Whining nurses

  1. I don't know about any of you, but I am SICK of whiny nurses who complain all day, but when the opportunity arises to stand up and make a difference about what they are whining about, they sit back and keep their mouths shut. We had an opportunity to make some changes at our hospital, but we couldn't get the participation from a good number of staff on our unit. How do we get these stick-in-the-mud nurses to stand up and fight for what they are entitled to?
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  2. 4 Comments

  3. by   Mijourney
    Originally posted by goldilocksrn:
    I don't know about any of you, but I am SICK of whiny nurses who complain all day, but when the opportunity arises to stand up and make a difference about what they are whining about, they sit back and keep their mouths shut. We had an opportunity to make some changes at our hospital, but we couldn't get the participation from a good number of staff on our unit. How do we get these stick-in-the-mud nurses to stand up and fight for what they are entitled to?
    Hi goldilocks. Did these nurses say why they did not advocate for themselves? It's becoming more apparent to me that we as nurses are not using the power available to us. We have over two million nurses in the US alone-the largest group of health care workers. How is it that we can continue to allow ourselves to be exploited? Nursing is so versatile. Do we really need to stay tied to our jobs? If we do, why is it as you wrote, that we can whine but not actively and effectively endorse and engage? It's like we have been experiencing the trauma of abuse and we can't break the cycle.

    Goldilocks, do any nurses serve on any committees? That's one way of being proactive. These nurses need a taste of power. I think that bedside or trench nurses should serve on all committees including the board of directors. Sorry things did not work out this time. I hope you continue to be proactive on behalf of yourself and others. Best wishes.
  4. by   scotto71
    The only obstruction to the advancement and survival of nursing, is nurses themselves. We readily identify and then proclaim the problems with administrators, and those percieved to have control of nursing, but fail to stop and look at ourselves. The survival of nursing begins at home - we need to find a common thread, flock together and stop "eating our own". Only then may we stand together and as a body, move forward towards achievable greater goals.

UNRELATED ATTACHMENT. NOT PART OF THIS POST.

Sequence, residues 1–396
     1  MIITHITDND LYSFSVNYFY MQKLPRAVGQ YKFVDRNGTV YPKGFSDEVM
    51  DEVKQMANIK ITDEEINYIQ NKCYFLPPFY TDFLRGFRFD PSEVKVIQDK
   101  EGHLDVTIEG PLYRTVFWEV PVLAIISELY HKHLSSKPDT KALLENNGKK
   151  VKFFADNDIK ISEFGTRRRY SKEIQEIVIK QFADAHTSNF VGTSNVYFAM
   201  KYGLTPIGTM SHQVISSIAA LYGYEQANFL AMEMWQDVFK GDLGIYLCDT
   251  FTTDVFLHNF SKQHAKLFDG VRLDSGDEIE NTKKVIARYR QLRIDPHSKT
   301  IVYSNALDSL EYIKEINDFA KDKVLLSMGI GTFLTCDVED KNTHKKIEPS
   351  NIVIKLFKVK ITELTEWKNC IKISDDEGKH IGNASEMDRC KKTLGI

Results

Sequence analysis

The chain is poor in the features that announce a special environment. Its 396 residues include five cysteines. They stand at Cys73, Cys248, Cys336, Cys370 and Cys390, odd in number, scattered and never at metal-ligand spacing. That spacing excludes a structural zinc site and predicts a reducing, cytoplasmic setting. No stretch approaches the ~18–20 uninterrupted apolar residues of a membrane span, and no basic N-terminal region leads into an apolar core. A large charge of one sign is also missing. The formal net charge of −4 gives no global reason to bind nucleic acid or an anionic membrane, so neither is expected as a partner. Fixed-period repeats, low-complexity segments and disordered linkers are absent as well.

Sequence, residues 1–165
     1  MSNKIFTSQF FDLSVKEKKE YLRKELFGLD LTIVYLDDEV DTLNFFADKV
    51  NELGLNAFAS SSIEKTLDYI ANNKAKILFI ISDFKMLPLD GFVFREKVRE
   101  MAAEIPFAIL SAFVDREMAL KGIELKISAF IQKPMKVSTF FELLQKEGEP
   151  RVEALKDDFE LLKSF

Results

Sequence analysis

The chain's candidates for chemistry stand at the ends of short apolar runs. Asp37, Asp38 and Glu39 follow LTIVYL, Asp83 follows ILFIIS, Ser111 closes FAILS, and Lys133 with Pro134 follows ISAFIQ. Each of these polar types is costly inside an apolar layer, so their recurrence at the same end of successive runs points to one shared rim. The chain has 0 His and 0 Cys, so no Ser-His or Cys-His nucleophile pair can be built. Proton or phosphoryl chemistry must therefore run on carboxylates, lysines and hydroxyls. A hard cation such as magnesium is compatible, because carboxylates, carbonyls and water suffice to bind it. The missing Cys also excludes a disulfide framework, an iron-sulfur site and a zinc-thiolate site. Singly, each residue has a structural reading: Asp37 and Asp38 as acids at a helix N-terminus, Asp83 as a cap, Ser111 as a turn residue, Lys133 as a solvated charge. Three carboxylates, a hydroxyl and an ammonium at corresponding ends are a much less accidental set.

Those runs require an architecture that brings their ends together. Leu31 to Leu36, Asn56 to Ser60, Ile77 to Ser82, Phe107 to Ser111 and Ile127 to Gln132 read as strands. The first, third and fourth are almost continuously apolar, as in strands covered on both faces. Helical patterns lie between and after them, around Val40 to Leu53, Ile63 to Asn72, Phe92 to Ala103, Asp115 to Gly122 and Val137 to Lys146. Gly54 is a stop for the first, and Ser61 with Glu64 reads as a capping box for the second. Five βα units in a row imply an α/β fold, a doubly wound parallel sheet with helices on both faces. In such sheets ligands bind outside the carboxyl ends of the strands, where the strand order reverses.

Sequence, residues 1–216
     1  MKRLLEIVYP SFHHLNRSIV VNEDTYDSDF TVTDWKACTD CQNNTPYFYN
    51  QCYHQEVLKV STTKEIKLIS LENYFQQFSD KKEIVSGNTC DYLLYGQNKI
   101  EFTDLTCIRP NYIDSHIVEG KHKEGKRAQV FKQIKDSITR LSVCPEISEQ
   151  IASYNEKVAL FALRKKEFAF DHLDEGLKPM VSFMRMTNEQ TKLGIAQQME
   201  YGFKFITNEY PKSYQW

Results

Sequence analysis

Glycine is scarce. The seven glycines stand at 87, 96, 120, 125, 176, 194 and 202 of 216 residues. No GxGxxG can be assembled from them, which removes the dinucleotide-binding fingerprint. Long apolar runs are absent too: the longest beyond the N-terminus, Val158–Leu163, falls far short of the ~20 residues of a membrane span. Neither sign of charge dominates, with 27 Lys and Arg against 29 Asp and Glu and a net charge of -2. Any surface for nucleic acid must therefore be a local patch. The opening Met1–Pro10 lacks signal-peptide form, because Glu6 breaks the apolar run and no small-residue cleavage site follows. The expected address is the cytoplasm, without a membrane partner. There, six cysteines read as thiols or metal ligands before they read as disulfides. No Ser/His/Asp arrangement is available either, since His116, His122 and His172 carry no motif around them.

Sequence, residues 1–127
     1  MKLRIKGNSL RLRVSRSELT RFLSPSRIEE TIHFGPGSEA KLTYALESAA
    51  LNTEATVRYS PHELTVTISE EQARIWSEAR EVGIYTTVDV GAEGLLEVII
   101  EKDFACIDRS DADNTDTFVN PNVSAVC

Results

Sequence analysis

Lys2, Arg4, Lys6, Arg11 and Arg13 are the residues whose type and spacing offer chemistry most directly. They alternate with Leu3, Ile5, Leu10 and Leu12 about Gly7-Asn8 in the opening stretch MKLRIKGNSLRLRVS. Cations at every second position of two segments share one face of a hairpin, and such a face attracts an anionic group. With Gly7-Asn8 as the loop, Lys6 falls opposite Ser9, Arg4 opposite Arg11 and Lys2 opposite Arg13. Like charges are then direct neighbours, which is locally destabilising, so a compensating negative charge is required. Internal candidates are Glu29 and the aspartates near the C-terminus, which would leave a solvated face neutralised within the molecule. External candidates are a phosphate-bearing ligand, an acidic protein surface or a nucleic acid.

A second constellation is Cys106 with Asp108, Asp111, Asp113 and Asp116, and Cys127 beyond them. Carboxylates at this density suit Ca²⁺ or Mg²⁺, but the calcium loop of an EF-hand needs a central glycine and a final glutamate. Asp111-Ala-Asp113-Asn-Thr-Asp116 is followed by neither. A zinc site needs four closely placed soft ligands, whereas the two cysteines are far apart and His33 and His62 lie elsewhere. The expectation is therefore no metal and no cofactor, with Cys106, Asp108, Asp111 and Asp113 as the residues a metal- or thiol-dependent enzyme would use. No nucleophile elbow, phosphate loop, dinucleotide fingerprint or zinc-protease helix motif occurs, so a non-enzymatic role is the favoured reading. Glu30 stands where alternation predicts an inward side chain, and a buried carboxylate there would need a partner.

5. by   pickledpepperRN
    Anytime you say a problem has "ONLY" one cause it is oversimplifying a complex situation.
    There was a March On Washinton in 1995. 35,000 nurses filled the steps of the Capitol and Pennsylvania Avenue to the White house. We got NO coverage in mainstream TV, radio, or newspapers. The LA Times correspondant who had gone with a cameraperson and read our Press Release said, "Look at the advertizers. That explaines why the story was deemed not iinteresting enough."
    Check us out at
    www.calnurse.org
    Thousands of us are working on staffing etc.
  6. by   Jenny P
    I, too, am tired of nurses who complain about workplace issues and don't do anything about them. I'm active in my nursing association, and when I'm told by a co-worker that "you should tell them to do such- and-such" but that person won't even fill out a ballot that has been mailed to their home, I get really tired of listening to them. I've told some co-workers that "I'm active in my professional organization so I have a say in what happens in it and I'm not speaking up for them- if they get involved, they can make changes in the organization" the same as I do. It is interesting that these people just go on complaining and making the workplace more negative, but they rarely get involved in fixing the problems. It's that old saying "If you're not part of the solution, you're part of the problem." I say, if you aren't willing to fix the problem; then shut up!

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